Monday, December 12, 2011

Incarnation and Occupation

English: Child lightes candles on Advent-wreath
Image via Wikipedia
By Sarah Morrigan

In the Western Christian liturgical calendar, this is the season of Advent, and the theology of incarnation is one of those things that are being often talked about in churches, leading up to Christmas.

Why did God -- infinite and almighty according to Christian cosmology and theology -- "become flesh"?  Incarnation has its own risks.  In making the infinite decidedly finite, positioning in a localized space and moment, God would have privileged the experiences of (especially if, as Christianity maintains, Jesus was the one and only incarnation of God for all universe) one ethnic group, one historic period, one religious tradition and one country over those of all others.

If God was truly infinite, then, God did not have to do this in order to save the humankind, either.  Though the Evangelical Protestants maintain that God had to do this in order to redeem the humankind, but even then, for God almighty, everything is a conscious, mindful, deliberate choice.  God has never been compelled to do anything otherwise.

Hence incarnation was an action in which God chooses to invade the human world and occupy a specific time and space, within the context of human social and cultural experiences.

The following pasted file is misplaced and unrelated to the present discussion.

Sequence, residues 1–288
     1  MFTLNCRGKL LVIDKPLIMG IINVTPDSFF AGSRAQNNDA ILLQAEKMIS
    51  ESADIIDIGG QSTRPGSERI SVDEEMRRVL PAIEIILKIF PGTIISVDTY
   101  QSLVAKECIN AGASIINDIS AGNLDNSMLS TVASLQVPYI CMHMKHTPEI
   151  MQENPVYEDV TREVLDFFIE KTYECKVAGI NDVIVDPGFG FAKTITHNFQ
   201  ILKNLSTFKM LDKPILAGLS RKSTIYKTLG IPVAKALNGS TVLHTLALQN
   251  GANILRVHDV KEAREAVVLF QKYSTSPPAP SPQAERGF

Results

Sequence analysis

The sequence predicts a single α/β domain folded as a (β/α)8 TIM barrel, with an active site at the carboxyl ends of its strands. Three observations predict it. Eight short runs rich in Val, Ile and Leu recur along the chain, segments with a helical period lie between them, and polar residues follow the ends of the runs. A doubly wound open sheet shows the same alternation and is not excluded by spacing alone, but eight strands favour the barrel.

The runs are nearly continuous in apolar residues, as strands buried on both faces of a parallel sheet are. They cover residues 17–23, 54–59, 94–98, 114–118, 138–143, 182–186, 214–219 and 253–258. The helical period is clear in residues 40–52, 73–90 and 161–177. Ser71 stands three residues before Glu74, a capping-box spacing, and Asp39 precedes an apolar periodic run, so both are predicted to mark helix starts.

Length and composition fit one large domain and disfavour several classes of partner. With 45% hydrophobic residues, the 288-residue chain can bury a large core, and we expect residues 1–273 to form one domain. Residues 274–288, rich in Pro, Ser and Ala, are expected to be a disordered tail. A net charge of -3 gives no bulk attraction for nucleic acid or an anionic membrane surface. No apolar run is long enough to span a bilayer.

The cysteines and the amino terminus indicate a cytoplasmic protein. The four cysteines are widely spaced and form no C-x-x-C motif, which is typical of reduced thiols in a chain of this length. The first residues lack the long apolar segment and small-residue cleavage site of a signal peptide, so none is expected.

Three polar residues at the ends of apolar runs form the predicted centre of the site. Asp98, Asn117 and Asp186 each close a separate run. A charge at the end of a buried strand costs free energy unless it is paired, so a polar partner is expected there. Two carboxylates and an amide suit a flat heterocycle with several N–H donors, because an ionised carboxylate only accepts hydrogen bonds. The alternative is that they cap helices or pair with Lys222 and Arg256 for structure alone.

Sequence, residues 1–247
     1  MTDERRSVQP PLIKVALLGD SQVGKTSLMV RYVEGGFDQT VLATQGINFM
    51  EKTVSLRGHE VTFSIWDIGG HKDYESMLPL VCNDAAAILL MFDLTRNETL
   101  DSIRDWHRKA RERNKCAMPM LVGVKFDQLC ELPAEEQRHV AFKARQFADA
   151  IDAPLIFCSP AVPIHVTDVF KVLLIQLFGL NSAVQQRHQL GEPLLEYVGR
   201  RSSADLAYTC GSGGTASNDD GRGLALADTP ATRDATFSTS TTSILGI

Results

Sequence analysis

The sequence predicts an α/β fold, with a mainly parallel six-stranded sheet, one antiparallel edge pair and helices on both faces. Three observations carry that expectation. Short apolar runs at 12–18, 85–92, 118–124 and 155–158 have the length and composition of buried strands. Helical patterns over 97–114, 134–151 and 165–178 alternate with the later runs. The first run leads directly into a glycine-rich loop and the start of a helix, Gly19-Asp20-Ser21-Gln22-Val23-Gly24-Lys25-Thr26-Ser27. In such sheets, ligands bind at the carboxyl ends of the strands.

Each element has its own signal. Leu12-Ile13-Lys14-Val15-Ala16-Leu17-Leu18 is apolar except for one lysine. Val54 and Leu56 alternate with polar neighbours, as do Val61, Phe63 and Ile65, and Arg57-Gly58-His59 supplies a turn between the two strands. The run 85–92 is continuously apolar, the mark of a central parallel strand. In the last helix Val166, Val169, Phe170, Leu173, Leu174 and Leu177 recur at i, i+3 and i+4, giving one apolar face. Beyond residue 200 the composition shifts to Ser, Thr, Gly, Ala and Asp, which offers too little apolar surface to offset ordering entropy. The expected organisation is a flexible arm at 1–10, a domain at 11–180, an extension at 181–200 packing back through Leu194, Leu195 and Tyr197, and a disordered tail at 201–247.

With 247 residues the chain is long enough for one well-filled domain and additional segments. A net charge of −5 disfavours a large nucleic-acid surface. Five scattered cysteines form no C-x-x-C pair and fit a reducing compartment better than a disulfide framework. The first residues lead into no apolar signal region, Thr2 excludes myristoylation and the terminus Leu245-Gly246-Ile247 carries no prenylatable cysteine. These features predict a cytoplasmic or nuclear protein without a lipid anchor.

There is something that is powerful about this.  In this age of technology and social media, we can experience whatever that happens in the world real-time.  Yet, there is still a difference between watching the port shutdown taking place today through Livestream and Twitter, while multitasking away in the safety and comfort of some remote location, and those who physically occupy the time and space on this wintry day at the Terminals 5 and 6 of the Port of Portland.

Interestingly, though aided greatly by the modern Internet and electronic communication technology, the Occupy movement made a powerful statement worldwide by using that technology to physically occupy -- and live in a primitive condition in tents, and even risking violence at the hands of riot police. In this day and age, we can do many things without leaving our armchairs; yet, thousands of occupiers chose to occupy a time and space together in solidarity, and the energy that comes from actually putting bodies on the Occupation has indeed helped us organize and accomplish so many things in a very short time.

St. Irenaeus famously said (and repeated by Frithjof Schuon): "God has become a human so humans may become God."  In the Eastern Orthodox theology, incarnation is explained more extensively.  The concept of Christus Victor postulates that Christ invaded the humanity in order to help the humanity triumph over the evil; while the theology of theosis explains that through the incarnation, humans are being sanctified and made like God.

God has occupied in solidarity, and to speak out against the injustice and corruption of humankind.

Incarnation, in this sense, is the prototypal Occupation.

This is not an official statement of the Interfaith Guild of Chaplains.

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